The Anti-aesthetic : essays on postmodern culture …

So what is this thing The Anti-aesthetic: essays on postmodern culture - Hal Foster is a touchstone volume for postmodern debate and theory.

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The Anti-Aesthetic: Essays on Postmodern Culture (review)

Hal Foster - American Academy Aesthetic: Essays on Postmodern Culture (Bay Press), and in 1985 published his

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This paper examines the theme of liquidity in the writings of Daniil Kharms, reading his preoccupation with certain fluids — particularly wood glue, water, ink, and feminine secretions — against the background of contemporary sexuality and labor discourse. In the 1920s, Soviet thinkers had already fixated on the notion of liquidity, construing bodily fluids and energies as volatile forces that must be regulated to maximize socialist labor productivity. Such diverse figures as Aaron Zalkind and Alexei Gastev posited a zero-sum balance between the bodily energies available for labor and sex, presenting abstinence and sublimation as necessary components of the proper Soviet habitus. By the 1930s, public discourse had shifted to a biological rather than mechanical conception of socialist energetics, placing bodily fluids at the center of the imagined internal economies of Stalinist supermen. By imagining a socialist utopia lying not in the immediate, but in the indefinite future, while simultaneously insisting that the properly “revolutionary” modus operandi entailed incessant movement forward, Stalinist culture induced Soviet citizens to consent to perpetually sacrificing their mental and physical energies to socialist construction. Though Kharms’ artistic values diverged sharply from those promulgated by the stewards of official Soviet aesthetics, the philosophy he developed around his creative production is strikingly similar to the ideology undergirding Soviet labor praxis. The evolution of Kharms’ poetics from the late 1920s on parallels the emergence of a set of social practices that cast individuals as assemblages of flowing energies that needed to be disciplined to maximize their potential for labor productivity.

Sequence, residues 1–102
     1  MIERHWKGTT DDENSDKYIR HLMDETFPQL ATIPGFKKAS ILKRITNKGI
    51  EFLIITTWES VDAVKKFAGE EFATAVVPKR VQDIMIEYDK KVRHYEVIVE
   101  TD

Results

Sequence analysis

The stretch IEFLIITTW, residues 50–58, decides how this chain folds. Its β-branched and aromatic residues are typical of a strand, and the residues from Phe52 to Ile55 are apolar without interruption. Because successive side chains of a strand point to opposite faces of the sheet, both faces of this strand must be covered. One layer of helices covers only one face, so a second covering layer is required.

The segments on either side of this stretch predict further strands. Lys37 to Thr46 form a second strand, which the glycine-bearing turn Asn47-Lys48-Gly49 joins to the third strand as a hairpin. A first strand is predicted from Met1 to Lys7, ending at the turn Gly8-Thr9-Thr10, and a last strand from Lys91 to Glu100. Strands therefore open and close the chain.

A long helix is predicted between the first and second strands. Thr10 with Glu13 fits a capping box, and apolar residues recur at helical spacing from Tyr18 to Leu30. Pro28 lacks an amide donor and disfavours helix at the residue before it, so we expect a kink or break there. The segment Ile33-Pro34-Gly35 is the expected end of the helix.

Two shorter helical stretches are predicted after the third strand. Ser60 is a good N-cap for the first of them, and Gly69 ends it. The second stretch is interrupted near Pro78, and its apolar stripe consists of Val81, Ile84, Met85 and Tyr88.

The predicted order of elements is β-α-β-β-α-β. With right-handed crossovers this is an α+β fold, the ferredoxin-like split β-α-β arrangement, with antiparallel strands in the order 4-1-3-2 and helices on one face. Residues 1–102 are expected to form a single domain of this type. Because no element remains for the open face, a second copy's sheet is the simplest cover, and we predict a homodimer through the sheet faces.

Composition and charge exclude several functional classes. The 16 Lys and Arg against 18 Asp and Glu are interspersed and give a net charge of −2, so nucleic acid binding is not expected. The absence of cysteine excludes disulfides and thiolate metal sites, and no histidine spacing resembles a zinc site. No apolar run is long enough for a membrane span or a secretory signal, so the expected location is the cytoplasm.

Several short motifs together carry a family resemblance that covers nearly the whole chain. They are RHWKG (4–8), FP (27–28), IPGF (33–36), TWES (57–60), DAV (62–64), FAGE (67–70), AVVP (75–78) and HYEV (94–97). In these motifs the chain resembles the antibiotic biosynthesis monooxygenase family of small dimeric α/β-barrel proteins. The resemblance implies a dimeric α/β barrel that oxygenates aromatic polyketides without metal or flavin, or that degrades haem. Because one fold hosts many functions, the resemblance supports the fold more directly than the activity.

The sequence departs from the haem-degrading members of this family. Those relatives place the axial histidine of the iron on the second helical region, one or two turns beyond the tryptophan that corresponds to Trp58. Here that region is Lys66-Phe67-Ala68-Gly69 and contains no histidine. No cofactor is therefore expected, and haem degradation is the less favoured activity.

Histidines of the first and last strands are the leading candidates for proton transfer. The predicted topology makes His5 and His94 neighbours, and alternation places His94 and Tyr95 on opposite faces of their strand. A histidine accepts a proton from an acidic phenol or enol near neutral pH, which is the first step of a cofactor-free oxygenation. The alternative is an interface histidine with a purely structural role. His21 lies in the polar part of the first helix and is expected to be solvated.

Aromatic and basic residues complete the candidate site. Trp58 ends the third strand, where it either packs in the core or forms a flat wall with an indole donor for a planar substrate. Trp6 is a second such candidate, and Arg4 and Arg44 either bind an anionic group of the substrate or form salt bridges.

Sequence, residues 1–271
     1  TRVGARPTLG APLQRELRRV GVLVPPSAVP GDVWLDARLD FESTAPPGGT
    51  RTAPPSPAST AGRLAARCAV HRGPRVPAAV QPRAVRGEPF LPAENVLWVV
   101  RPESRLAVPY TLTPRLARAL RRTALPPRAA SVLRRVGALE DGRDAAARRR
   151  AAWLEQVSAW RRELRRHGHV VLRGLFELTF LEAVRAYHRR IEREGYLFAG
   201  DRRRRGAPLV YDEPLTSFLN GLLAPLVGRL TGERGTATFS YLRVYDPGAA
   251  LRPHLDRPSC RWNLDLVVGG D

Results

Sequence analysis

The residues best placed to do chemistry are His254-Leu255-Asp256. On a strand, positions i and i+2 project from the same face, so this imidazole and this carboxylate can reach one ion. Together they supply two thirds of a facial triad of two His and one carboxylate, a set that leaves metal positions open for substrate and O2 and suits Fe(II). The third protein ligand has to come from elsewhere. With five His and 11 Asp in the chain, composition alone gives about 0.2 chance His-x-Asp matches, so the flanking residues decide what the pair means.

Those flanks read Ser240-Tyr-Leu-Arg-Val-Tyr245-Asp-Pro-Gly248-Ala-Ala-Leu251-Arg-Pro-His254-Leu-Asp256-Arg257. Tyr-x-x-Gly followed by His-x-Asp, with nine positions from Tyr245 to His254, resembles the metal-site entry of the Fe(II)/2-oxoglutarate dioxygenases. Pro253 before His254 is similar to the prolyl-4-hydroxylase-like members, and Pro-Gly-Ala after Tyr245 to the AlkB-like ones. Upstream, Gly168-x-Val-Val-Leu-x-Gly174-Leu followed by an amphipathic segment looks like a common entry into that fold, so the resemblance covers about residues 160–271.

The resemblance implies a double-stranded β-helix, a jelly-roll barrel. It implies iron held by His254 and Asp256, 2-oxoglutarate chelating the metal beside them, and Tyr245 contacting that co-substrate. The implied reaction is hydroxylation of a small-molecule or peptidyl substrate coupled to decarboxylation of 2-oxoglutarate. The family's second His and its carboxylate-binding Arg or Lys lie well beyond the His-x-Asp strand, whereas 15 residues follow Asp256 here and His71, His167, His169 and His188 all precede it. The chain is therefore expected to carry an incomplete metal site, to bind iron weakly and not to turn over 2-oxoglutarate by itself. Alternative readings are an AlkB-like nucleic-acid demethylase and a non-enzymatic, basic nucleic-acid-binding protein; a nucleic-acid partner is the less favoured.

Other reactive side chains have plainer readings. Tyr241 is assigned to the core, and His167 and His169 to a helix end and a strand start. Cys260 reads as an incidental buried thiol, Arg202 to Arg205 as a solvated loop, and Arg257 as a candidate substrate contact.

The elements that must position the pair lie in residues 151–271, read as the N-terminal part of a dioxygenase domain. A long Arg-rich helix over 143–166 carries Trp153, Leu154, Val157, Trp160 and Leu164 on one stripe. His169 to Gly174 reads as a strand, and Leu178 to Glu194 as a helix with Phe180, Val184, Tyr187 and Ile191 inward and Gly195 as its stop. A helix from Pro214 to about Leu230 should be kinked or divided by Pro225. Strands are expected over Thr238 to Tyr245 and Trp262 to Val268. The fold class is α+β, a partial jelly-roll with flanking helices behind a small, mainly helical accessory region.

The anti aesthetic essays on postmodern culture.

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This paper responds to recently debated questions of “reading Dostoevsky religiously” by investigating themes of personal transformation and ego transcendence in his works. They are seen as the writer’s chief response to the crisis of modernity. Contrary to conventional wisdom that sees a uniquely Russian derivation of his religious ideas, recent studies argue that motifs of Eastern Orthodoxy are occasional, and mostly peripheral in his novels. The present essay concurs that religious ideas in Dostoevsky have a syncretic foundation, and argues that his religious themes center on the idea of authentic self, elements of which emanate from sources familiar to Dostoevsky in syncretic philosophy of German Romanticism and Neoplatonism. Instances of visionary experience, epiphany, and personal insight in Dostoevsky’s narratives posit the reality of transcendent awareness where authentic self is aligned with primary consciousness beyond the ego or apparent self. Prince Myshkin, Elder Zosima, and Alyosha Karamazov are discussed as examples of inwardly illumined characters, who typify embodiments of the authentic self revealed by insight of a numinous quality. These works and selected nonfiction writings are cited to show that the focal point of Dostoevsky’s critique of modern secular reason and so-called rational egoism is the pre-modern idea that authentic self is revealed by a moral and aesthetic vision emanating from a transcendent order of being.